It is frequently not uninteresting to the reader, to know someching of the author whose thoughts he is perusing. But upon the history of our lives we shall say but little. The principal scenes of life's drama in which we have acted, during our short peregrinations over the rugged face of old mother earth, are so much like those of our class in general, given in other connec tions, that we shall not here enter into detail. We will therebre only say, for the satisfaction of the curious, that we were born in Western New York, somewhere within the vicinity of twenty-five years ago; that ARTMAN lost his sight at the age of eighteen; that Hall's privation was congenital; that we were both educated at the New York Institution for the Blind, and have for the last four or five years been endeavoring to force a subsistence from nature and society, in various, and of course HONORABLE, occupations.

If this, our first effort in a literary capacity, should find favor with the public, more from us may be heard hereafter.


Dansville, 1856.

Achiebements of the Blind.




That man must indeed be depraved, who does not discover in himself some reflection of a divine image, though sin may have blotted and mutilated its form. The whole field of science does not open up to the inind a more pleasing subject for contemplation, or one fraught with more intense interest, than the study of its own mysterious nature. What are the elements that enter into its composition? Can it exist as distinct from matter, or is it merely the result of physical organization, as sound is the result of vibration? Is the brain only a system of organs, conspiring to produce thought, as melody is produced by musical instruments? How did the mind come in possession of its own identity, or that in ward consciousness of a separate existence as distinct from the laws of nature which silently govern matter? How does it put forth volition? In what way do outward manifestations awaken painful or pleasant emotions, and why should it possess that fearful power of perverting its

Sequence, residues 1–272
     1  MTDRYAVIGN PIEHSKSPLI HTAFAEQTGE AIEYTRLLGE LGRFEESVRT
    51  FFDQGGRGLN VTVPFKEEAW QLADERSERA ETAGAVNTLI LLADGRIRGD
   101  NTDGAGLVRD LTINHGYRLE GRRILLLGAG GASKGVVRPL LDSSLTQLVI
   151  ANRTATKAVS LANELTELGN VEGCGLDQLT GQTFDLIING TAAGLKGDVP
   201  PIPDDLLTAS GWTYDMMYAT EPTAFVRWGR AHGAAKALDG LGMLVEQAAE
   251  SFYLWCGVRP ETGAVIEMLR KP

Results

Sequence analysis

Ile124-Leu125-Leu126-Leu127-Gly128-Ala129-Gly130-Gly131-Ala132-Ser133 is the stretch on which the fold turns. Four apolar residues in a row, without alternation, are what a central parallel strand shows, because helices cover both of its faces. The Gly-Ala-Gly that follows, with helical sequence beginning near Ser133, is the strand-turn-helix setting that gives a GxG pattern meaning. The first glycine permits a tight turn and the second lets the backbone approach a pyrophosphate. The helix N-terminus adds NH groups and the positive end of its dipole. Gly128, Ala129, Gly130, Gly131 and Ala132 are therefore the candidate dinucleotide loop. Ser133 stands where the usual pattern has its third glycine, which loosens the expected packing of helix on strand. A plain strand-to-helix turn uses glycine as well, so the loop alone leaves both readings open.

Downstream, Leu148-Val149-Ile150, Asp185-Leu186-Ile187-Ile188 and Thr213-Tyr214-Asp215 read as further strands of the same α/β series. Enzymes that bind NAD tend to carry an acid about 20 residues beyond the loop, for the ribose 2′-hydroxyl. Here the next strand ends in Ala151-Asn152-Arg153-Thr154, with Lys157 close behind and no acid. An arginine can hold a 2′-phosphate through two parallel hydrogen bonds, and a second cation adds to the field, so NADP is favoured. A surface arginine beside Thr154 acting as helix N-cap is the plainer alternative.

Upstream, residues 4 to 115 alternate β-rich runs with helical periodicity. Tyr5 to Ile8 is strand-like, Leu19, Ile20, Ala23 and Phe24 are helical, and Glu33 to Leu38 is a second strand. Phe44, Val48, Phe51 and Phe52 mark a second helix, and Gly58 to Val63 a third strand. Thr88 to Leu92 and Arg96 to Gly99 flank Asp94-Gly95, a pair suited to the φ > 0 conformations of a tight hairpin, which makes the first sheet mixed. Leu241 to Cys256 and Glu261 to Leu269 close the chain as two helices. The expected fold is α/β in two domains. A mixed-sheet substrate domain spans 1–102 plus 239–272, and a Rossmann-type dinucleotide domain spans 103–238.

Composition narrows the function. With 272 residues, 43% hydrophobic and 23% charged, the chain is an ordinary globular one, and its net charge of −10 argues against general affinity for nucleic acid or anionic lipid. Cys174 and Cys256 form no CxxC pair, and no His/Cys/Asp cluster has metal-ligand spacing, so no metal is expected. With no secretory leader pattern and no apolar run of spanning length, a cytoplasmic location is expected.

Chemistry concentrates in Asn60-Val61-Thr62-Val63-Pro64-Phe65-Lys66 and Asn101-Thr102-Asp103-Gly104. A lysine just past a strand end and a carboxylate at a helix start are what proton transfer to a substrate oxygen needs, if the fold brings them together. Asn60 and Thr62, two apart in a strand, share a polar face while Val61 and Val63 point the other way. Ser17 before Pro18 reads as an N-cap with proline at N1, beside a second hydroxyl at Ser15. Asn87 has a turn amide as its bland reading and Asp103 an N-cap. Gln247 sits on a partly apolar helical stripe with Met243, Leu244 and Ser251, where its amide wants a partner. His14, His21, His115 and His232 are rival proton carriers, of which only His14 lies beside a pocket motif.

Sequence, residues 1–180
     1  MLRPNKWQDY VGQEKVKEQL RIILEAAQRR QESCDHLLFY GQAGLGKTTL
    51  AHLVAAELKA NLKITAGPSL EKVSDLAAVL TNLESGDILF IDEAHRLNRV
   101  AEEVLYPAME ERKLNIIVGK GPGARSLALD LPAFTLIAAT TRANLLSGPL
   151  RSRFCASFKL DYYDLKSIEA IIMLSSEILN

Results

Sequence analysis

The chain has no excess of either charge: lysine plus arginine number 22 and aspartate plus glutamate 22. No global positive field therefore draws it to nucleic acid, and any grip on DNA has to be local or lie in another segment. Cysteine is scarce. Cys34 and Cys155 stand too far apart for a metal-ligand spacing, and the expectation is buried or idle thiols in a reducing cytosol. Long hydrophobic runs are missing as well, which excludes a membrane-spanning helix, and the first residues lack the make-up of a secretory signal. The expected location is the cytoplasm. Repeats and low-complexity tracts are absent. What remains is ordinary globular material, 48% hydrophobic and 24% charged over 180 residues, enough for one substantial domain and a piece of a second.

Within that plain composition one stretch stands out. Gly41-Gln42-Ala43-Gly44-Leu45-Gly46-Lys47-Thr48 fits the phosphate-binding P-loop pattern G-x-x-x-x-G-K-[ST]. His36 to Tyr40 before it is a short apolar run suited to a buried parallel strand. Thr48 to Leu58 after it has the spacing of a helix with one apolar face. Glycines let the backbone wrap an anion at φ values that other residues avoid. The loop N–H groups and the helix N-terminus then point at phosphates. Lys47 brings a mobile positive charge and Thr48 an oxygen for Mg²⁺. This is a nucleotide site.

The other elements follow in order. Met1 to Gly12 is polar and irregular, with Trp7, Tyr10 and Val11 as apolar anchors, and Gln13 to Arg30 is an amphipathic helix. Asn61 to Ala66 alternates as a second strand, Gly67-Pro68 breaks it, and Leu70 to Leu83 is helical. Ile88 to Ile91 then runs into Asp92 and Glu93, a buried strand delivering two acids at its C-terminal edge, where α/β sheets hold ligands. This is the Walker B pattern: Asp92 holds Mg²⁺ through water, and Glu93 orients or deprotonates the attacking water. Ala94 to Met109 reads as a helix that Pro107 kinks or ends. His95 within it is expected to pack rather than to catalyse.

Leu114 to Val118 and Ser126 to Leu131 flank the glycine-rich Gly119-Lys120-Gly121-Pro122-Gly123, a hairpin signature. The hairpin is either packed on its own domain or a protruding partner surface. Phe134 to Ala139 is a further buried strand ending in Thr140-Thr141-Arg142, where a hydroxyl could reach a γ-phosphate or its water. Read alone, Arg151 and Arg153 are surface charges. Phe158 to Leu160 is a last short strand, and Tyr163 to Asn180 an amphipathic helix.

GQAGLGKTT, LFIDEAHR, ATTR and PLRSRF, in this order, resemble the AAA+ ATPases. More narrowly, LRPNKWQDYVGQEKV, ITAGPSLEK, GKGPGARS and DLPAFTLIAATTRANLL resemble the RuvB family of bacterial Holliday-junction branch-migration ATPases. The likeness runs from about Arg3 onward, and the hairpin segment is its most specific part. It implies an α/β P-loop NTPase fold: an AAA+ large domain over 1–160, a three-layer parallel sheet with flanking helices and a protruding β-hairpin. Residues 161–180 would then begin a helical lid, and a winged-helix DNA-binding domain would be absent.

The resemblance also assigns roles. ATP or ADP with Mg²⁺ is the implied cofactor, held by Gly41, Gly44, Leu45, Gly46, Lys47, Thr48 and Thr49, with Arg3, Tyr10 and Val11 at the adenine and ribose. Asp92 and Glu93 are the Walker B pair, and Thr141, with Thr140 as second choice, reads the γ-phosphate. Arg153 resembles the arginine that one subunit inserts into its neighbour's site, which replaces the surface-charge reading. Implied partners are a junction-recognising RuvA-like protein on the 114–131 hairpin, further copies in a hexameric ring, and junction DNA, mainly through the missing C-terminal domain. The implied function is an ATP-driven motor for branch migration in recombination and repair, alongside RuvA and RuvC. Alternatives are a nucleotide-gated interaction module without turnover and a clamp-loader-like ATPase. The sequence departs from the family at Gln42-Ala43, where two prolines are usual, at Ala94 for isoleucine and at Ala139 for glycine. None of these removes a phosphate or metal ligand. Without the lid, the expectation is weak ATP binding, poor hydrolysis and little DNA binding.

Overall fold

own affections, or destroying its own energies ? These are themes upon which every contemplative mind loves to dwell. Speculative philosophy is, however, not without its attendant evils; it may ripen into rank infidelity if not carefully guarded. Investigations of mental phenomena should be conducted with a prayerful heart. The relations which the creature sustains to its Creator, should be kept constantly in view, and no apparent discrepancy or incongruity, should be allowed to shake our faith in the wisdom and goodness of a Supreme Being.

Next to an earnest and careful inquiry after God's revealed will to man, the study of man himself is paramount to all others. He who best knows himself, is best able to judge others. Yet, without revealed religion, it is impossible to determine what is laudable in ourselves, without studiously observing what traits of character are lovely or hateful in oth

Hence it happens, that biography has been read and admired in all ages, and is found to be of such vital importance to the young. In the history of a great and good man, the youth finds a pattern by which he may mould his character. It is much easier to imitate good examples, than to act well from wise suggestions. It is less hazardous to follow closely in the footsteps of a virtuous and prudent man, whose path has led to honor and distinction, than to mark out for one's self a new course in life.


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Tread you my steps! 'Tis mine to lead the race,
The first in glory, and the first in place.